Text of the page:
The dollar weakened broadly on Wednesday, striking a record low versus the euro and a 26-year trough against sterling as growing fears surrounding the U.S. subprime mortgage and credit sectors gripped financial markets.

These concerns, heightened on Tuesday after two ratings agencies issued warnings on more than $17 billion of debt linked to risky mortgages, made investors less willing to take on risk.

This helped trigger a sharp selloff in equity markets, a slide in bond yields, a rise in implied FX volatility and some unwinding of carry trades -- where low yielders like the yen are sold for higher return units such as the New Zealand dollar.

The Federal Reserve's broad dollar index on Tuesday showed the greenback's nominal, weighted value at its lowest level in a decade. Against a selection of major currencies, the dollar hit its lowest level ever in the free-floating currency period since the Fed's records began in 1973.

We continue to see two themes play out: the dollar taking the brunt of concerns about credit markets, and whether this should lead to more substantial risk aversion and unwind of carry positions, said Laura Ambroseno, currency strategist at Morgan Stanley in London.

Near term, these credit concerns should drive currencies, and that means the dollar remains under a bit of pressure.

At 1200 GMT the euro was up 0.2 percent on the day at $1.3770, having earlier set a record high of $1.3784, according to Reuters data.

Sterling was up a third of a percent at $2.0335, having hit a 26-year peak of $2.0351, while dollar recovered from a one-month low of 121.02 yen to trade at 121.55 yen, still down on the day, however.


The dollar's sell-off on Tuesday was exacerbated by reports from credit rating agencies Standard & Poor's and Moody's Investors Service on Tuesday that warned on over $17 billion of debt related to risky mortgages, much of it subprime. Subprime loans are extended to borrowers with poor credit.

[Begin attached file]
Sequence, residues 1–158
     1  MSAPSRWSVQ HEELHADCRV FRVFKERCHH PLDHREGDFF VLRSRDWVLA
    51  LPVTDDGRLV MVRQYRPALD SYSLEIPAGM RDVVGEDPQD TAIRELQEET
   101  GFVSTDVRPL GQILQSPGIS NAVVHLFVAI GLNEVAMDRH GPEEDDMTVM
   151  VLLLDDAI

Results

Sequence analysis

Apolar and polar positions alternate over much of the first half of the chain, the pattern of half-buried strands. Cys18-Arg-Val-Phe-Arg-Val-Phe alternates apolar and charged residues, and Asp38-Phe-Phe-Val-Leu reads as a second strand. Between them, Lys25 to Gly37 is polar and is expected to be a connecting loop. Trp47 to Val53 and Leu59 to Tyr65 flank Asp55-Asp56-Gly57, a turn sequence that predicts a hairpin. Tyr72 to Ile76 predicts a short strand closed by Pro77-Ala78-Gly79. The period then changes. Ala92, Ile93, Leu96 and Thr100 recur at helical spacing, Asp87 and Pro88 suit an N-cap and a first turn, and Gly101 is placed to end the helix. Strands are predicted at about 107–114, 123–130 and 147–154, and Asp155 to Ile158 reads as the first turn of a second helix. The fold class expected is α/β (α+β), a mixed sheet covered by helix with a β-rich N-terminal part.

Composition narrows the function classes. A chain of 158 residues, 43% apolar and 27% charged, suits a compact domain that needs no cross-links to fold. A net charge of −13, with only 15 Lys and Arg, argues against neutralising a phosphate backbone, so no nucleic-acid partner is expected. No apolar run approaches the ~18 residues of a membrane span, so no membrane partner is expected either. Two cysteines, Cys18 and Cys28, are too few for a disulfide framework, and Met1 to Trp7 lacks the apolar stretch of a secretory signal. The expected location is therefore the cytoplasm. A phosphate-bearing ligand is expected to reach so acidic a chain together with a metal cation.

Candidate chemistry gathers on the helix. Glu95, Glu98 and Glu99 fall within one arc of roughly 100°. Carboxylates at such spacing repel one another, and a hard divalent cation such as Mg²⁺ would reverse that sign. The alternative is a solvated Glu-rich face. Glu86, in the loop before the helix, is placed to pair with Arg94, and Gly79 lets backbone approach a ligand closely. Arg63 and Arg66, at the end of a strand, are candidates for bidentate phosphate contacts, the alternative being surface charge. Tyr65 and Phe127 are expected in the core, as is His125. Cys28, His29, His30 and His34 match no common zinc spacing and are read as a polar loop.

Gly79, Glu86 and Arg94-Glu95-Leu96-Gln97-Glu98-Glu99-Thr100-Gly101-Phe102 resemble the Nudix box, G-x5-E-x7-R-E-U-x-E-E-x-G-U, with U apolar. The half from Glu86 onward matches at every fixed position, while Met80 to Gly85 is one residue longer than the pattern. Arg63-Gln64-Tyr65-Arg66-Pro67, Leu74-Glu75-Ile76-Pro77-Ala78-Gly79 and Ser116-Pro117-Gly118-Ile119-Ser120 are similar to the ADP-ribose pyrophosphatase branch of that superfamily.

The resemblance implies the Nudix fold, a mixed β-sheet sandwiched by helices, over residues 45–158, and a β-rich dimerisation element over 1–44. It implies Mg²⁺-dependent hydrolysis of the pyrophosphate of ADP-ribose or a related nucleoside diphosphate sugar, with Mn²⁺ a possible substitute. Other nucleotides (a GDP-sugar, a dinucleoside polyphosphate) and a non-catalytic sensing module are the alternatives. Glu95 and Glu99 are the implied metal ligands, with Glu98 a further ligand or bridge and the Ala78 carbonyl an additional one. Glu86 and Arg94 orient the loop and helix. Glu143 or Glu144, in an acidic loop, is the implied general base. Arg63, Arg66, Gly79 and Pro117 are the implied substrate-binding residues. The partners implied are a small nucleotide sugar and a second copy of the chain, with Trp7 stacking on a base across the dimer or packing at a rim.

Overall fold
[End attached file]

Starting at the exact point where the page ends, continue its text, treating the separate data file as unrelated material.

The effect across financial markets was stark.

Ten-year Treasury yields slumped back below 5 percent, equities tumbled, measures of risk spiked up and implied volatilities on short-term currency options jumped.

The dollar index fell to a 2-1/2 year low of 80.620.

Against the background of narrowing rate differentials and potentially weaker foreign inflow into U.S. credit products, it was no surprise to see the dollar weakening further, wrote Goldman Sachs strategists in a note to clients on Wednesday.

U.S. subprime worries prompted markets to price in a greater risk of a Federal Reserve interest rate cut this year or next.

In contrast, other central banks around the globe are expected to continue tightening monetary policy, with yield differentials thus set to move to the detriment of the dollar.

The Bank of Japan is widely expected to hold interest rates steady on Thursday, although some of the more hawkish members of the board may vote for a hike to 0.75 percent.

Clearly with the weakness in equities and concerns about the U.S. housing market it is probably not surprising to see some short covering and unwinding of carry trades. But I would be very cautious to call this a general turn against carry, said Michael Klawitter, currency strategist at Dresdner Kleinwort in Frankfurt, adding that the euro is on track to target $1.40.

But European Central Bank Governing Council member Vitor Constancio said on Wednesday the euro's rise has not been dramatic, noting that its effective exchange rate against the dollar is only up 4.5 percent since the currency's 1999 launch.